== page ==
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Your Buy a House Checklist: 9 Steps to Get You Home
Getting into a new home can be challenging, but a buy a house checklist can put you on the path to success. Whether you read our previous post about buying in a seller’s market, or you’re new to what the buying process looks like, we’re here to help. That’s why we put together nine steps that are easy to follow, so you know just what to expect through closing on your new home.
Let’s jump into the nine steps in the buy a house checklist.
1. See what you can afford
Most homebuyers don’t have cash on hand to pay for a new home outright. You’ll need to take out a mortgage loan, which requires finding a lender. But before you begin the pre-approval or mortgage application process, it’s a good idea to see how much you can afford. The main reason for this is that you want to home in (no pun intended) on an amount that you can reasonably afford, which helps you target the right properties for your house hunt.
A mortgage calculator is a handy tool to help you get a ballpark estimate of your mortgage payment. Use our free mortgage calculator to play with the numbers and variables, and get a breakdown of how much you can afford.
2. Get pre-approved
To make sure you can afford to buy a home, you’ll need a pre-approval letter. Also, many real estate agents won’t even consider showing you properties until you get pre-approved.
A pre-approval is given by your lender and shows the exact amount they’re willing to lend. They calculate this number based on your specific financial situation after evaluating your current debt-to-income ratio and other factors.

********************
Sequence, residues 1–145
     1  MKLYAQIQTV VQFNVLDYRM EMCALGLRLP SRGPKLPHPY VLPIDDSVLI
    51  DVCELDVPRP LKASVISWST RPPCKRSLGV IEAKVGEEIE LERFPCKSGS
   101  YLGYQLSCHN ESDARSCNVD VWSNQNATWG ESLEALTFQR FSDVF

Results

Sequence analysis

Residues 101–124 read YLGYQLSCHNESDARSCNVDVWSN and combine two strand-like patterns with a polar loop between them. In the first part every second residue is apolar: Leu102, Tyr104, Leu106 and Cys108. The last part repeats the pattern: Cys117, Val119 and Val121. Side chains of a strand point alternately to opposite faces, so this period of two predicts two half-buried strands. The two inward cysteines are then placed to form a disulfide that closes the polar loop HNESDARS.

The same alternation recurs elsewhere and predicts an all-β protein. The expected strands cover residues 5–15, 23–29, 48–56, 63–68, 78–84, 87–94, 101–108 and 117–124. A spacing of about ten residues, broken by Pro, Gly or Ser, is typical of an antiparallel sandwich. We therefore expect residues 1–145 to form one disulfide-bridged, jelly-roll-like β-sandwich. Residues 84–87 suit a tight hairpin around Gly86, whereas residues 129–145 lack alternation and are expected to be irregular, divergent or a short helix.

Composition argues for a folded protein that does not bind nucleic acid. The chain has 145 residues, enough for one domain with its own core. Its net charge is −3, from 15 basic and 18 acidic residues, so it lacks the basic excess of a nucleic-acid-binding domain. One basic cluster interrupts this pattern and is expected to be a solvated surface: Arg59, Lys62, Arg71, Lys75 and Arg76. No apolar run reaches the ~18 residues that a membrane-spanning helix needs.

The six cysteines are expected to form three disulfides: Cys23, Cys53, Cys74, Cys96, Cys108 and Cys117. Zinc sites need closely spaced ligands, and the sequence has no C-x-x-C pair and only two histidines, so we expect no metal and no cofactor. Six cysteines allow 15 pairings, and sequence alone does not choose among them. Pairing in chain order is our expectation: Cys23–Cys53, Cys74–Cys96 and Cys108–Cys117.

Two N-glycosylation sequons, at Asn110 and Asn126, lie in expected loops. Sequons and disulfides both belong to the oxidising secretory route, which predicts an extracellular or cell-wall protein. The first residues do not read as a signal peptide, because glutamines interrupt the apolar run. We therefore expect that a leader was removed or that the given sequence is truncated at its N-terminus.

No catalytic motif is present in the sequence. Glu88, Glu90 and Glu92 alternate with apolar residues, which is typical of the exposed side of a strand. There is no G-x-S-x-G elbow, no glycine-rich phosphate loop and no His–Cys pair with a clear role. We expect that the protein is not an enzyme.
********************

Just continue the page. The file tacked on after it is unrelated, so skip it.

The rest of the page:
With a pre-approval letter in hand, you’ve got the green light to partner with a real estate agent and begin your house hunt.
3. Partner with a real estate agent
Real estate agents are invaluable to finding the right house for you. They can get real-time updates about new listings in your area, so you can schedule showings as soon as properties hit the market. Real estate agents are also keen on market trends and can uncover insights you might not have previously considered.
Often, friends and family can provide recommendations about agents who have helped with their house hunt. Make sure to ask around your circles for help finding the agent for you.
4. Officially start your house hunt
At this point, you know how much you can afford and which properties are available. It’s time to browse the listings, book showings, and set up notifications about the latest homes to hit the market.
When you’re looking for homes, be sure to consider not only the features of a home but also its location:
- What’s nearby? Take into account the condition of neighboring homes and traffic, nearby businesses, schools, etc.
- Are schools important to you? If you have children in school, ensure that the school district meets your quality standards.
- Are you close enough to essential businesses? Whether you need to get groceries or schedule dentist appointments, ensure that the property is within reasonable distance to essential businesses.
5. Gather your down payment
This is one of the most important steps in the buy a house checklist. That’s because the size of your down payment affects your monthly mortgage payment amount in the future.